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AARP Advocates set the stage for needed improvements for older North Carolinians

AARP North Carolina Executive Council Member Lilian Lee provides information to legislative staff during the Aging Advocacy Day.

RALEIGH -- AARP volunteers were in large numbers at the North Carolina General Assembly when the state’s aging community held an Advocacy Day here in May. With most new legislative proposals being held for the long session in 2025, aging advocates helped set the stage for opportunities lawmakers have to strengthen our communities and make North Carolina a better place for all ages.

According to advocates, much attention on our aging population is needed. North Carolina has seen a significant demographic change in the 21st century. Today, there are over 1.9 million people over the age of 65. In the next 20 years, the number of North Carolinians aged 65 and older will increase by 48% to 2.8 million people.

Executive Director of the NC Coalition on Aging Carrie Dugas said, “Although this increase in our older population has been expected, the state has done little to plan for the opportunities and challenges of an increasing number of aging adults. Older North Carolinians have a wealth of knowledge and skills that can help our communities and state as a whole continue to prosper.

Older adults are also vital to state and local economies with Social Security alone pumping nearly $37 billion dollars into the state’s economy each year,” she added.

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Chris Brandenburg provides information to help state aging advocates talk to lawmakers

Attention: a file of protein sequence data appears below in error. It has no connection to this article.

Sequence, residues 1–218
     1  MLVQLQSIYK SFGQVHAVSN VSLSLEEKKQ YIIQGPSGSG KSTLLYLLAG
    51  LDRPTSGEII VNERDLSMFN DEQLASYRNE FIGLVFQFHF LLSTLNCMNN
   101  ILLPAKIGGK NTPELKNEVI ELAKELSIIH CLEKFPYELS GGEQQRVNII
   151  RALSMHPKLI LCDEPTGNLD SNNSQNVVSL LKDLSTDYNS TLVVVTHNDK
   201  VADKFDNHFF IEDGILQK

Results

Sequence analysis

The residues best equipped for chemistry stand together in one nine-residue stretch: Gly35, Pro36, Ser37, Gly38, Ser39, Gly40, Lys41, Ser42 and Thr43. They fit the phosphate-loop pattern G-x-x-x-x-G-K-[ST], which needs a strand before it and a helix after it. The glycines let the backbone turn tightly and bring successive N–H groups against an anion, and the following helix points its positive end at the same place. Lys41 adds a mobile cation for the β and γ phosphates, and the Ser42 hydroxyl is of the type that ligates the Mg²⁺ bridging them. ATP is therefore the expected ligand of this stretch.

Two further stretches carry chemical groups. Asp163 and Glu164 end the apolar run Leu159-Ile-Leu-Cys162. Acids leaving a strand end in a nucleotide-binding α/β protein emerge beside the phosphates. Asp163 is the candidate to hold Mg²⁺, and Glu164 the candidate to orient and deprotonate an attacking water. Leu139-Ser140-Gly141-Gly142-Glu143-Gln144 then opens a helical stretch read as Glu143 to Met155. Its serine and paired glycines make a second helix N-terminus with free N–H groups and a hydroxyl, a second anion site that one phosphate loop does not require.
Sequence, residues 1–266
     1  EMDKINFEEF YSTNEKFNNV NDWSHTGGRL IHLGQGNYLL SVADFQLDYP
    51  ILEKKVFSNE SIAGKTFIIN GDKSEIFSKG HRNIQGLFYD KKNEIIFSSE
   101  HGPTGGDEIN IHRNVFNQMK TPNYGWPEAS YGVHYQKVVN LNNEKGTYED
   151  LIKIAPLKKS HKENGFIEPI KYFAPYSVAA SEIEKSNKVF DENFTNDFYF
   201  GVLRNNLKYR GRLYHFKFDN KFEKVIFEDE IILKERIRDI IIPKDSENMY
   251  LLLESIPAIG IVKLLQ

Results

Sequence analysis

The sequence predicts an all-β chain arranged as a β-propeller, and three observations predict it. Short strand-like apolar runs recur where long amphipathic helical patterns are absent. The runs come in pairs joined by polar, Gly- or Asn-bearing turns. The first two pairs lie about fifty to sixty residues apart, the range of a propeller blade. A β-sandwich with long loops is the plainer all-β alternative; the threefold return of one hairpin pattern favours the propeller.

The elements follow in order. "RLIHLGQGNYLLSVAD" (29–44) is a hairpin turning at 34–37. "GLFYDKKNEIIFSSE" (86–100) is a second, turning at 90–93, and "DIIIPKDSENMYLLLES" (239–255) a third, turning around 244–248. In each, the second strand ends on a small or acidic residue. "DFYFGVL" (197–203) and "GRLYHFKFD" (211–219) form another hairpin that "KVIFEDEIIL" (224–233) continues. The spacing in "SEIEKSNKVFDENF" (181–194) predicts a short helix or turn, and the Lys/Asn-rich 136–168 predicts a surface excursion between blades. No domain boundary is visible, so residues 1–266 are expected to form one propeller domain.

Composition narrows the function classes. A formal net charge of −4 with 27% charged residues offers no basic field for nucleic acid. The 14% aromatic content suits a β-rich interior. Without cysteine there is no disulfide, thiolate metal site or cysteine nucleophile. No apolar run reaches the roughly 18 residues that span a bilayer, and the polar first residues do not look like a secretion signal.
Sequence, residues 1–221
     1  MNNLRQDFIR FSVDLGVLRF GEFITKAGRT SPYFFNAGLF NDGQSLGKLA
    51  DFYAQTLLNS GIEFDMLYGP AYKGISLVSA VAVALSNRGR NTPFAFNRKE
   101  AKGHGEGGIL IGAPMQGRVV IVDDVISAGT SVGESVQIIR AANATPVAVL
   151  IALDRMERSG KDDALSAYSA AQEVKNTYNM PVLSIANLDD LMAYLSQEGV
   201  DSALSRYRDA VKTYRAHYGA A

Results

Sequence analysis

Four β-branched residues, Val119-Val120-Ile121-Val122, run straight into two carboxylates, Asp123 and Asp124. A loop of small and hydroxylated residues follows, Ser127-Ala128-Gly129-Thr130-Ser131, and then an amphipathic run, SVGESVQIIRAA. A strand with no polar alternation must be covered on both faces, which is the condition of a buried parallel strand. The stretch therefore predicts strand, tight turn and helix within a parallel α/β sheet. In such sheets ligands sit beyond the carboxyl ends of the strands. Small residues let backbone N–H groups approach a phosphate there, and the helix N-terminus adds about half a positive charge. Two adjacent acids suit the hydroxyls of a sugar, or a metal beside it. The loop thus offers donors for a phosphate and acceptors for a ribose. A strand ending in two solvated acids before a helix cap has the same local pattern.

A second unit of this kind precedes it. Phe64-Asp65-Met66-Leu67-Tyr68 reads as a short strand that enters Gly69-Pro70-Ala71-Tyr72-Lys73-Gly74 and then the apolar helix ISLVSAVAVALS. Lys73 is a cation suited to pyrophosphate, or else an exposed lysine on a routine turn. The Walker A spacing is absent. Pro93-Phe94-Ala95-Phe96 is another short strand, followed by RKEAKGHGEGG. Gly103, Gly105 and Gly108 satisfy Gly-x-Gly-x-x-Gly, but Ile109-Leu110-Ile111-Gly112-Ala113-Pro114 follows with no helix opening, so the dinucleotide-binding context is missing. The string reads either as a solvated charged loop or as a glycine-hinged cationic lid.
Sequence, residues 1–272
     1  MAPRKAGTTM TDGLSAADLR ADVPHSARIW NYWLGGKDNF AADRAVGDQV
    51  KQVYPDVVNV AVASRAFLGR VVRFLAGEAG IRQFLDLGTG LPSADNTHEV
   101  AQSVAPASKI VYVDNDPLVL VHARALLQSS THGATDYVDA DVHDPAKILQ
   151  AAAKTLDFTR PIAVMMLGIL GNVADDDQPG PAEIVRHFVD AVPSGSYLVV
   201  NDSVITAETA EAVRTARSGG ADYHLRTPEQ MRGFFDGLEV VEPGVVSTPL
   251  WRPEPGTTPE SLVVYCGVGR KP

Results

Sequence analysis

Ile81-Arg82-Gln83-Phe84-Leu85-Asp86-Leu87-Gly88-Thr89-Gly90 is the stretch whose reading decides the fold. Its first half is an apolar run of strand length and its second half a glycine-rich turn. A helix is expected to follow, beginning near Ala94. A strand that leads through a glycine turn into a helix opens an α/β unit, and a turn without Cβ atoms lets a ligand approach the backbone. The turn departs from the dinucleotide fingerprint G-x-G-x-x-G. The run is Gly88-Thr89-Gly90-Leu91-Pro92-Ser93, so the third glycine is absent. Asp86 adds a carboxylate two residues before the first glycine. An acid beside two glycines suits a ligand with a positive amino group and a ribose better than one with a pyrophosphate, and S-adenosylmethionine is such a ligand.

AARP North Carolina Manager of State and Federal Advocacy Chris Brandenburg said, “Addressing complex issues such as how to handle the growing need for long-term services and support, workforce adequacy and support for family caregivers is imperative. That is why a state-led strategic planning resource “All Ages All Stages NC,” to be released this month, can help North Carolina transform its infrastructure and coordinate services for our rapidly aging population, as well as people with disabilities.”

During the past year, hundreds of consumers, providers, and aging and disability advocates from across North Carolina discussed the needs of older adults and persons with disabilities and developed recommendations on (1) how to make our state the best possible place to grow old while utilizing the strengths and skills of our older and disabled residents and on (2) how to address the challenges and gaps that exist to ensuring a good quality of life.

Moving forward, advocates for older adults and strong local economies will focus much attention on four areas of the All Ages All Stages NC report: Affording Aging, Strengthening Communities for a Lifetime, Optimizing Health and Well-Being, Supporting Older Adults and Their Families.

AARP North Carolina Director Mike Olender concludes, “We are the voices of those who may not have the opportunity to speak up for themselves. Our advocacy can make a significant difference in shaping policies related to healthcare, housing, financial security, and other critical issues affecting older adults in the future.”

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